Successful investing is all about accurately predicting the future. Unfortunately, predicting what will happen even a few hours in the future is almost impossible and trying to predict what will happen in three or four years’ time with any degree of accuracy is completely impossible.
That being said, by looking at past trends, we can get some idea of where certain companies should be five years from now.
Take alcoholic beverage behemoth Diageo (LSE: DGE). Over the past few decades, through mergers and acquisitions, Diageo has grown into the world’s largest spirits producer. Over this time the group has shown that it has the defensive qualities needed to weather all types of market environment. Indeed, between year-end 2007 and year-end 2010, while the rest of the world was struggling with the fallout from the financial crisis, Diageo’s revenue grew by 31%.
What’s more, the company owns a collection of the world’s largest spirits brands, which have stood the test of time. Smirnoff Red Label Vodka is 152 years old, and the Johnnie Walker brand is over 200 years old.
In a world where technology is rapidly disrupting most industries, Diageo stands out as one company unlikely to see its business model broken down by competitors anytime soon. Just as it’s highly improbable that another company will be able to come along with a product that wins consumers around the world over in the way Guinness, Johnnie Walker, Smirnoff Vodka, Captain Morgan and Baileys have done for more than two centuries.
Diageo’s steady growth and rich product heritage are the two key reasons why I believe the company is a much better investment than the UK’s largest mortgage lender Lloyds (LSE: LLOY).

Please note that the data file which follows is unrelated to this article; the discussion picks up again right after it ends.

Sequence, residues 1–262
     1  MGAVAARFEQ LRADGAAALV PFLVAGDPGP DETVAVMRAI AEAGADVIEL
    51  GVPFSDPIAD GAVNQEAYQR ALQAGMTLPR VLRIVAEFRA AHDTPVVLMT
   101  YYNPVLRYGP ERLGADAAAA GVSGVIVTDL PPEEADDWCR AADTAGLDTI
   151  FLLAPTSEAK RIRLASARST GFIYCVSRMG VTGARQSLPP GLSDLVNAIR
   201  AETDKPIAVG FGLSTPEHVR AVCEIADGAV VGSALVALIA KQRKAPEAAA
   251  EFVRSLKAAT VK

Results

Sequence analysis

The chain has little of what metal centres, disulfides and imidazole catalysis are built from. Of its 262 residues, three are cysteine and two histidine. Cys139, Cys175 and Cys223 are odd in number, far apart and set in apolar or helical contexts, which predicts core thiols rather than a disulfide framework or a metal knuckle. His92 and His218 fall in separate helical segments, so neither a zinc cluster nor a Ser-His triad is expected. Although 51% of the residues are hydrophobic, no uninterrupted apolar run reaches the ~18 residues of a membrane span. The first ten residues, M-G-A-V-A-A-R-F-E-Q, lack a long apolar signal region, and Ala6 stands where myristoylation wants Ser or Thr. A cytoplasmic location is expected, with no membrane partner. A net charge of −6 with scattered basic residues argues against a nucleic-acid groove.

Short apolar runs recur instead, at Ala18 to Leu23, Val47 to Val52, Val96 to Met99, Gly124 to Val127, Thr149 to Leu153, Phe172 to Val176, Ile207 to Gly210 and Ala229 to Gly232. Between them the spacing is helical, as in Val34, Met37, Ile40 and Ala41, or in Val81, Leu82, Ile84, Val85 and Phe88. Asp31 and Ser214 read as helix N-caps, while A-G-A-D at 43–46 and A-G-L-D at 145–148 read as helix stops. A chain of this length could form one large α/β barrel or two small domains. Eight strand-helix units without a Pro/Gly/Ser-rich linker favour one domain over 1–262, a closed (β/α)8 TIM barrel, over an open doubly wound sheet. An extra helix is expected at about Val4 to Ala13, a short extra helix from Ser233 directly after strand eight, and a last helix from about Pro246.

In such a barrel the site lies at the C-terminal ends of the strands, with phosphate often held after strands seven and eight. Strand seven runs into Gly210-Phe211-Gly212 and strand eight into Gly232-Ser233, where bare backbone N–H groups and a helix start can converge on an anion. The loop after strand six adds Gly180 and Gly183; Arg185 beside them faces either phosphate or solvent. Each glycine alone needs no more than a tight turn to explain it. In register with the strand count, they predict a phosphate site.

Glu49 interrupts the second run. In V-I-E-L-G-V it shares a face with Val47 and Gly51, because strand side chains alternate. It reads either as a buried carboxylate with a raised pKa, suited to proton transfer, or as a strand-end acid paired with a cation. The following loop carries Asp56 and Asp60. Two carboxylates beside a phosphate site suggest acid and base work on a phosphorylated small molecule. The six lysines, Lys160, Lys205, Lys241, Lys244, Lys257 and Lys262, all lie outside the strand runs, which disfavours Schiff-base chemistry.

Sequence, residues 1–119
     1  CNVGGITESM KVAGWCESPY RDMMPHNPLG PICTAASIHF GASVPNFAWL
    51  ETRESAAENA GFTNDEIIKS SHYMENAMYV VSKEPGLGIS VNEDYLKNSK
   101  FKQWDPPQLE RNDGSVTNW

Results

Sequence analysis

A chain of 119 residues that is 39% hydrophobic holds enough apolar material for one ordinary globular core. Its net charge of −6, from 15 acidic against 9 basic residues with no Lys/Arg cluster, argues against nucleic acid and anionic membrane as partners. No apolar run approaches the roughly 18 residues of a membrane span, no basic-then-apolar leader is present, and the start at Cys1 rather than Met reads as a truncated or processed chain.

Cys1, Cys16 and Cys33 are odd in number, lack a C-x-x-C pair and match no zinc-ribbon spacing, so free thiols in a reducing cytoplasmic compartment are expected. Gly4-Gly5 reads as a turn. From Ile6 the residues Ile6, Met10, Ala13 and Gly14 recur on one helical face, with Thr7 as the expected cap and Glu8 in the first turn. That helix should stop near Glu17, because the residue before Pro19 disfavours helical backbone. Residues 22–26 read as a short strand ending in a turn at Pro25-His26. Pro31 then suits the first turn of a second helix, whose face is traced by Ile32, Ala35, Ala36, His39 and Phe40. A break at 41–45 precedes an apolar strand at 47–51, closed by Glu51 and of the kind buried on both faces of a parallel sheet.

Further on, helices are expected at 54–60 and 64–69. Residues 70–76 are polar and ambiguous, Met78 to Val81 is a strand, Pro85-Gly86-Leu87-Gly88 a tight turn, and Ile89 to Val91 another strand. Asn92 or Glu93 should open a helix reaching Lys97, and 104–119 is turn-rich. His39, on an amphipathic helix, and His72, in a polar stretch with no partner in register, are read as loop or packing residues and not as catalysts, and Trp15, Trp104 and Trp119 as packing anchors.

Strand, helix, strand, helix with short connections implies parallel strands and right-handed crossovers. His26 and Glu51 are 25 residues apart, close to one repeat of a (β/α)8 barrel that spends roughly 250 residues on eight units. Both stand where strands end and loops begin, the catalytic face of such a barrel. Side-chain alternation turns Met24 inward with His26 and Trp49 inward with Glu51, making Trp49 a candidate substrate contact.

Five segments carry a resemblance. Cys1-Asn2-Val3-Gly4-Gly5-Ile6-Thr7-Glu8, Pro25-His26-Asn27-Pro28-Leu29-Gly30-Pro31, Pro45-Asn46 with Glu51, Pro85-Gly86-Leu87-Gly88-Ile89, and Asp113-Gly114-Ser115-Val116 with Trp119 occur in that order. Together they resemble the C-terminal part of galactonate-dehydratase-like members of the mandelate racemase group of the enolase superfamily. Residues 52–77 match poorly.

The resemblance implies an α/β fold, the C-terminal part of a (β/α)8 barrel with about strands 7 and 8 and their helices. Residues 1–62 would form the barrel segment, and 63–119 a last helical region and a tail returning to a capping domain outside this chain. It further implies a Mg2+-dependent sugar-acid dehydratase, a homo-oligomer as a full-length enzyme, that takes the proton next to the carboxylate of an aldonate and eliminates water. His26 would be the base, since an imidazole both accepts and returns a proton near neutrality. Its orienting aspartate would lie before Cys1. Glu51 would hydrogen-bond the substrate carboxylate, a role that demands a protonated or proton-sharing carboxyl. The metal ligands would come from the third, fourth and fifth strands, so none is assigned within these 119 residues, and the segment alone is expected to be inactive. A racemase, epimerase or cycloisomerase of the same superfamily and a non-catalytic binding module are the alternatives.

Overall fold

Battling for growth
Lloyds’ business model is facing an assault on several different fronts.
Firstly, the company is having to grapple with increasingly stringent demands from regulators. Secondly, it’s having to fight challenger banks for business, which is a fight made more complicated by the fact that the public still distrusts large banks. Thirdly, low and falling interest rates are putting pressure on Lloyds’ ability to generate an attractive return for investors.
And lastly? Lloyds’ success is dependent on the UK’s economic environment. A recession or slowdown in economic activity will put the brakes on the bank’s growth. As mere mortals, the average Foolish investor can’t see what the future holds for Lloyds and the UK economy with so many unknowns to consider. Diageo’s outlook, on the other hand, is much clearer.
City analysts expect Diageo to report earnings per share growth of 15% for the year ending 30 June 2017. Based on this estimate the shares are currently trading at a forward P/E of 21.2 and support a dividend yield of 2.9%. City analysts are expecting Lloyds’ earnings per share to fall by 14% this year and a further 14% for the year ending 31 December 2017. The shares currently trade at a forward P/E of 7.5 rising to 8.6 next year as earnings fall further.
Overall, if you’re looking for growth and predictability, I think Diageo is the better investment.
The worst mistake you could make
According to a study conducted by financial research firm DALBAR, the average investor realised an average annual return of only 3.7% a year over the past three decades, underperforming the wider market by around 5.3% annually.
This underperformance can be traced back to several key mistakes that all investors make. To help you realise and understand the most common mis-steps, the Motley Fool has put together this new free report entitled The Worst Mistakes Investors Make.
Rupert Hargreaves has no position in any shares mentioned. The Motley Fool UK has recommended Diageo. We Fools don't all hold the same opinions, but we all believe that considering a diverse range of insights makes us better investors.